Someone’s clearly been watching a bit too much James Bond. ‘Thunderball’ to be precise. That’s what springs to mind when reading The Times’ latest article on GRU agents having landed on Irish shores to investigate transatlantic cables. The piece, published on Sunday asserts that ‘Russia has sent intelligence agents to Ireland to map the precise location of the fibre-optic, ocean-bed cables that connect Europe to America, gardai suspect’. It adds that the Irish security services have concluded that ‘Russia intended to use technology to monitor data exchanges on the cables, to give Moscow an insight into internet communications’. The newspaper also claims that the ‘agents’ were also monitored ‘mapping Dublin Port’ and subsequently security has been enhanced around the Irish coast. The account of what supposedly happened is followed up by quotes from Defence experts, who hammer home the ‘party line’ of Russian aggression and the threat faced by the ‘West’.
There are many problems with this article. The first which a layman would notice is the lack of concrete facts presented. Indeed, what is interesting is not so much what information is provided, but what is absent. We are not told when the supposed trip took place (not even the year), who the individuals were, and on what basis it has been concluded that the individuals concerned were spies. Instead the article puts forward pure speculation as to what the motivations of the individuals were, if they indeed existed at all.
Secondly, what is being suggested – that agents came to Ireland in order to map fibre-optic cables with a view to tampering with them in future – is quite frankly ludicrous and is clearly the imagination of someone who does not understand how modern technology works. No information is given as to how the operation would be carried out, only that Russians would ‘use technology to monitor data exchanges’. Really? If a foreign security service does want to meddle in another nation’s communications, it doesn’t need to physically tamper with cables. Hackers don’t need to physically approach a victim’s computer in order to break into their email. The very people who have been accusing Russia of remotely meddling in US and UK elections don’t seem to be applying the same logic to this case. Furthermore, there shouldn’t be any need for anyone to map the location of the underwater cables, as comprehensive maps are available online, posted together with coordinates and oceanographic survey data, by the Irish government.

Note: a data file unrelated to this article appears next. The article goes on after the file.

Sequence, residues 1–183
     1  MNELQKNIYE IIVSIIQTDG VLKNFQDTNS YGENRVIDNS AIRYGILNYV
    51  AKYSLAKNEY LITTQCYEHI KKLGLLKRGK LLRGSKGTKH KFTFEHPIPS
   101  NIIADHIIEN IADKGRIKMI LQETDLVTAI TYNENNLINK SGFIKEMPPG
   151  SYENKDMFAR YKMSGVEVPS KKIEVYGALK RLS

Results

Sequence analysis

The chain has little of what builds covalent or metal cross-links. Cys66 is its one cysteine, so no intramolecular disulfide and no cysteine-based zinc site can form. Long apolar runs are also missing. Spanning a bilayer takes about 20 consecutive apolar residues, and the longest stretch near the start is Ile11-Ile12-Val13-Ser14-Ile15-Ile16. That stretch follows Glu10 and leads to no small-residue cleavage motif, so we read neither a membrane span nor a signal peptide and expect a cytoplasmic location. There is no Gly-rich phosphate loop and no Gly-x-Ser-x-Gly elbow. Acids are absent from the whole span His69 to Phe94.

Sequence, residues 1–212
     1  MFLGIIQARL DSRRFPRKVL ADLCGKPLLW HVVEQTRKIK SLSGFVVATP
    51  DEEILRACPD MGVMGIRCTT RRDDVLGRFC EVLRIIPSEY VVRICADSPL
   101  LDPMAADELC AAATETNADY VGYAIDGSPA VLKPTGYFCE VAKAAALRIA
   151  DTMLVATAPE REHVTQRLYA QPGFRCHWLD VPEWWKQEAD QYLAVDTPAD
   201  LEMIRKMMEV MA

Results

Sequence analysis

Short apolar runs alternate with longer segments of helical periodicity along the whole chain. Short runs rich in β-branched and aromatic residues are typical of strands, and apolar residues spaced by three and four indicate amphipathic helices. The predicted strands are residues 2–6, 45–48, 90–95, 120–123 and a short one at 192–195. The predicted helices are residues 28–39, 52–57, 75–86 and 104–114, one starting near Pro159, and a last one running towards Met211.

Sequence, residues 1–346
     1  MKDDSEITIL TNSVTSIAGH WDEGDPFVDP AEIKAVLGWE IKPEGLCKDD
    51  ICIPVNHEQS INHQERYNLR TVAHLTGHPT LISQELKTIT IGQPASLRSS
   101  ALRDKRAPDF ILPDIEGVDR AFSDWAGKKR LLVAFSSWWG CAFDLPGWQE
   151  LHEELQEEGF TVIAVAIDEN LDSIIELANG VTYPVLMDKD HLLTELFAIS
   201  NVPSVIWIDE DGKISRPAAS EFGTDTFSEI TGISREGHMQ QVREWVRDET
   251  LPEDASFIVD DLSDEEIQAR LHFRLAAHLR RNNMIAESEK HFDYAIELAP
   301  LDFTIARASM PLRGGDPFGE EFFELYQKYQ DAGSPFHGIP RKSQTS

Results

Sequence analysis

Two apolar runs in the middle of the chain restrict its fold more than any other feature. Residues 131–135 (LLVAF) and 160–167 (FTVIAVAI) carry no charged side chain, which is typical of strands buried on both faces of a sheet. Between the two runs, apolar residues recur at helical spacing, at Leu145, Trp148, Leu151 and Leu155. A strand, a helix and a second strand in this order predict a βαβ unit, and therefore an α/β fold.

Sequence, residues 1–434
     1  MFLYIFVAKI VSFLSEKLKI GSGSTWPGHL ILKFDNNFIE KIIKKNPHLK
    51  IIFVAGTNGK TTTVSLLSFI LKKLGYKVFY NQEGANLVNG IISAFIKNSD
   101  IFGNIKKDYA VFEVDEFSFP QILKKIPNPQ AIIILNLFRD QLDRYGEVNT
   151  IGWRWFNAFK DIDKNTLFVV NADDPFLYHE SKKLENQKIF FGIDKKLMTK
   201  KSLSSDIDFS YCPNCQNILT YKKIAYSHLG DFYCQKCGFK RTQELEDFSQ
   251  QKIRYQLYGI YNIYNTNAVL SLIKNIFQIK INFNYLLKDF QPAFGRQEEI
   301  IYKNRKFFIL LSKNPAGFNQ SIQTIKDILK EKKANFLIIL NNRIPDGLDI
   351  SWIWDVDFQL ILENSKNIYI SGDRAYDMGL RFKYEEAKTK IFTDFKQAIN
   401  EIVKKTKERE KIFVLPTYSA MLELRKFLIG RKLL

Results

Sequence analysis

So let’s briefly entertain the possibility that, in fact, Russian agents did not arrive in Ireland with the intention of derailing transatlantic communications. What would be the purpose of such a story in The Times? The answer to this lies in the context and timing of such an article. Since the historic Irish election result last weekend, British and Irish media has been dominated by the debate surrounding Irish unification. The victory for Sinn Fein, the Irish nationalist party, with unification at the top of its agenda, was indicative of just how much has changed in Ireland in the last decade or so. Brexit, and the discussion which emerged regarding the future status of the border between Northern Ireland and the Republic, has once again put the idea of a United Ireland back on the table. All it would take for Northern Ireland to secede from the United Kingdom would be a referendum favouring reunification with Ireland. This, of course, is a threat to the territorial integrity of the United Kingdom, and as is the case with the question of Scottish Independence, the British state will do all it can to derail such prospects. The best way of doing so, as has been tried and tested by the British establishment over the decades, is propaganda. It could therefore be argued that such an article is intended to scaremonger the Northern Irish into thinking that without the UK, their security would be jeopardized.
This idea is supported later in the article with quotes from Mark Galeotti, an ‘expert on Russian security and politics’ who says that ‘Ireland doesn’t have a counter-intelligence capability. It’s a relatively soft target.’ The description of Galeotti does not do him justice however. He has previously been named as being involved with the UK’s government funded anti-Russia propaganda campaign, the ‘Integrity Initiative’, which in the past has literally paid experts to provide opinions in articles and give interviews in which they highlight the ‘Russian threat’. It’s therefore perhaps no coincidence that he has been approached to make a contribution to this piece.
So the next time you read a piece on the ‘Russian threat’ in The Times…well I’ve said it all really, haven’t I?
The statements, views and opinions expressed in this column are solely those of the author and do not necessarily represent those of The Duran.